5. Ability to Transfer, Sell or Assign Interest
Management at a purchasing financial institution should ensure that the loan sale or participation agreement does not limit the institution’s ability to transfer or sell its interest.
6. Due Diligence
Financial Institutions should perform extensive due diligence on purchases and participations involving out-of-territory loans or unfamiliar industries. Management should monitor and clearly understand any source of repayment, market conditions and vulnerabilities.
Due diligence should also be performed prior to entering any third-party relationship or relying on third parties, such as loan brokers, sellers, originators and servicers. The analysis should include the third party’s financial capacity to meets its obligations, business reputation, and compliance with all federal and state laws (such as anti-money laundering requirements).
7. Financial Reporting/ Audit/ Board Approval and Reporting
Institutions should report purchased interests in accordance with applicable generally accepted accounting principles. All loan purchase and participation programs should be incorporated into the audit and loan review program. Finally, prior approval from the board should be obtained prior to entering any material third-party arrangements. The board should also be provided with a sufficient account of all activity, performance and risk of purchased loans and participations.
8. Bank Secrecy Act (BSA)/ Anti-Money Laundering (AML)
Institutions should ensure that all purchased loans and participation portfolios are in compliance with BSA/AML requirements and are in line with the institution’s BSA/AML risk assessment.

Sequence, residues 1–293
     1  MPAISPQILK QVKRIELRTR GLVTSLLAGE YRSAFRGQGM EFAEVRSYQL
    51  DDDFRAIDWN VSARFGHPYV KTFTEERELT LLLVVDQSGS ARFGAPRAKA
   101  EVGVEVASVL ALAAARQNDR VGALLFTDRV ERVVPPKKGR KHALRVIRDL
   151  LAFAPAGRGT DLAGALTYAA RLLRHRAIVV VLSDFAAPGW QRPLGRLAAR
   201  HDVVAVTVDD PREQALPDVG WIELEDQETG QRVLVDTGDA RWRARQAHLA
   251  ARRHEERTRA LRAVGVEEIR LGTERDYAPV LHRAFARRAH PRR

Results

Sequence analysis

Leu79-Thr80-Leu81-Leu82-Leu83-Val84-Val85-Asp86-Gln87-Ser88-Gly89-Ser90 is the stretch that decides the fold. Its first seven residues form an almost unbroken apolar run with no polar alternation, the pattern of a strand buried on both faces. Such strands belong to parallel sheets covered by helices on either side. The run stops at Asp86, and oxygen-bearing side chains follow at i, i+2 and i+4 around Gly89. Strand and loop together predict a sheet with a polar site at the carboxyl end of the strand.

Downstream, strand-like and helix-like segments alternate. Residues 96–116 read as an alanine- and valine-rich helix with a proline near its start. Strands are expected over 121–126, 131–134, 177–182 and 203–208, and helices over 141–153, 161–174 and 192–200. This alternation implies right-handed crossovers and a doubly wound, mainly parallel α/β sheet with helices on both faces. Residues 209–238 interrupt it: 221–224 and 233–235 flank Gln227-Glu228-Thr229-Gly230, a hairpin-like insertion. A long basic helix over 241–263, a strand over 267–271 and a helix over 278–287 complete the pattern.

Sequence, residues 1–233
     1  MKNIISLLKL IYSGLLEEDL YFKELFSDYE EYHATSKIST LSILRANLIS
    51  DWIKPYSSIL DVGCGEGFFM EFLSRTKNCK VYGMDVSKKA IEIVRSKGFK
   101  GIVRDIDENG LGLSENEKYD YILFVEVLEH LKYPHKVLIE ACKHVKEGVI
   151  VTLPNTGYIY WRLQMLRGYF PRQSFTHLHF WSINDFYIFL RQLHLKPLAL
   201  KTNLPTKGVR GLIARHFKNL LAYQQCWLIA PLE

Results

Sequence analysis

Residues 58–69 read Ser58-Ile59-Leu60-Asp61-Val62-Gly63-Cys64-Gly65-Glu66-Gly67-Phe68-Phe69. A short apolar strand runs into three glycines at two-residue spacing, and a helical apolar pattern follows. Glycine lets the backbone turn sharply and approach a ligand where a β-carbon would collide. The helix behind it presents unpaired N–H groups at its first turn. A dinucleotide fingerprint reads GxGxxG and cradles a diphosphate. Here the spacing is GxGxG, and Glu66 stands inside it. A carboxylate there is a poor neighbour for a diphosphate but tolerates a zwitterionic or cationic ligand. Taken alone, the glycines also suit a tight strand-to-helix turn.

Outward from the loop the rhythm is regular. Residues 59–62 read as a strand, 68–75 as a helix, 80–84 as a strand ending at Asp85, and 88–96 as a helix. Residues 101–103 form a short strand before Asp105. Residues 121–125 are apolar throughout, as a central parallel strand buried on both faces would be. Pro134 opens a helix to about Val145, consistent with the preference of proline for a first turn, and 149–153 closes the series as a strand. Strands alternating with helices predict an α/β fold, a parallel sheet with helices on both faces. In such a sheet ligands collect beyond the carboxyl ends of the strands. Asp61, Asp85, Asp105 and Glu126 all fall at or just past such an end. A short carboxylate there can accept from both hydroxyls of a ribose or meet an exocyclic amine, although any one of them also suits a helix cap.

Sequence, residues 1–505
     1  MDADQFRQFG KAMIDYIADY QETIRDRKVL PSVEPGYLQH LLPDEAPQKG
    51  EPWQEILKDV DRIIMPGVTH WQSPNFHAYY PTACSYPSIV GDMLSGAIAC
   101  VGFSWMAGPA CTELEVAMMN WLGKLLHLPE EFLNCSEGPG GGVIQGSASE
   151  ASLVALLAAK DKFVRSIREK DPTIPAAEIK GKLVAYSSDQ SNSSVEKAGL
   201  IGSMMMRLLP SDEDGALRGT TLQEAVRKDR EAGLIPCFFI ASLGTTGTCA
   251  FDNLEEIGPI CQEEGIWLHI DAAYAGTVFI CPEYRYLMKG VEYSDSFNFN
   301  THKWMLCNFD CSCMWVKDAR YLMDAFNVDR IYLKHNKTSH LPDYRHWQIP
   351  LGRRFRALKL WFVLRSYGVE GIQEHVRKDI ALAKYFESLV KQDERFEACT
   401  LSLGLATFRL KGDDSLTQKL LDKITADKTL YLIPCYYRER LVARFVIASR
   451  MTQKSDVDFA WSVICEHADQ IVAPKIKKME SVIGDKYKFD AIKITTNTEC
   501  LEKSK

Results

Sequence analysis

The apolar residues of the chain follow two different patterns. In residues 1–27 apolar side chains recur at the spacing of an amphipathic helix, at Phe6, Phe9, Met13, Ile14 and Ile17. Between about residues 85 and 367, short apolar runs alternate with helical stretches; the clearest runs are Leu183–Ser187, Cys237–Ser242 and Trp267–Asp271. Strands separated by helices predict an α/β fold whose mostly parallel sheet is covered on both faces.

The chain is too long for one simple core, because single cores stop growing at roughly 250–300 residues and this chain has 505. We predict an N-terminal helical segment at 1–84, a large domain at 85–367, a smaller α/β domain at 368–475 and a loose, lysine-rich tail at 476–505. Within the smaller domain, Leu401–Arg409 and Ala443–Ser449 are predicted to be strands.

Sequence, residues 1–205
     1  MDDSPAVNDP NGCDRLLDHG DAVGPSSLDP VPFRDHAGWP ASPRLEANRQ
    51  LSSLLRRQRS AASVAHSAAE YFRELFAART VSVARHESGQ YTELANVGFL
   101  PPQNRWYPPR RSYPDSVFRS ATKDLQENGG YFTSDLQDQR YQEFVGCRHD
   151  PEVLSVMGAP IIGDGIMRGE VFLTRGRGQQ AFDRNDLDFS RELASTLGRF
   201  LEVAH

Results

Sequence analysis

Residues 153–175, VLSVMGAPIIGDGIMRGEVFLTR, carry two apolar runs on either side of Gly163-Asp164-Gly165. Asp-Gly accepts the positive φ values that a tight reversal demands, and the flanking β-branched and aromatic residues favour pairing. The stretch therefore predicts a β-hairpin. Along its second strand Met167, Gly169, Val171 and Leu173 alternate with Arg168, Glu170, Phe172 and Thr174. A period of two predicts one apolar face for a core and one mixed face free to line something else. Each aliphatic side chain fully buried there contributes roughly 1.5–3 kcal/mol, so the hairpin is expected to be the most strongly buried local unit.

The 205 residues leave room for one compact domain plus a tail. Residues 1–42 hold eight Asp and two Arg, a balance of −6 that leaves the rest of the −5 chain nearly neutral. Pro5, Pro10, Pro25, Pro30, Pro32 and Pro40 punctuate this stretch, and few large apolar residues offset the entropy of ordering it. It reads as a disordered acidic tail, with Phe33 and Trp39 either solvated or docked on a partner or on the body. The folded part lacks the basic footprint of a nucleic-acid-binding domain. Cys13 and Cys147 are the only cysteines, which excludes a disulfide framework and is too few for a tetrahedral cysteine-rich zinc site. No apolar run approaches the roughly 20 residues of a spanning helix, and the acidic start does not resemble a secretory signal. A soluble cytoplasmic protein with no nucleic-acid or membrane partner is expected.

The FDIC recommends that financial institutions should review and ensure proper implementation of all outstanding guidance, including:
- Interagency Guidelines Establishing Standards for Safety and Soundness (Appendix A to Part 364 of the FDIC Rules and Regulations) available at https://www.fdic.gov/regulations/laws/rules/2000-8630.html#fdic2000appendixatopart364
- Guidance for Managing Third-Party Risk (Financial Institution Letter (FIL) 44-2008, June 6, 2008) available at https://www.fdic.gov/news/news/financial/2008/fil08044.html
- Final Joint Guidance on Leveraged Lending (FIL 13-2013, March 27, 2013) and Frequently Asked Questions for Implementing March 2013 Interagency Guidance on Leveraged Lending (FIL 53-2014, November 13, 2014) available at https://www.fdic.gov/news/news/financial/2014/fil14053.html
Please note that Cullen and Dykman LLP has extensive experience representing financial institutions on loan purchases and sales, as well as on loan participations and syndications. If you have any questions regarding such transactions or the FDIC Advisory, please feel free to contact Joseph D. Simon at (516) 357-3710 or via email at email@example.com, Kevin Patterson at (516) 296-9196 or via email at firstname.lastname@example.org, or Diana Acosta at (516) 357-3739 or via email at email@example.com.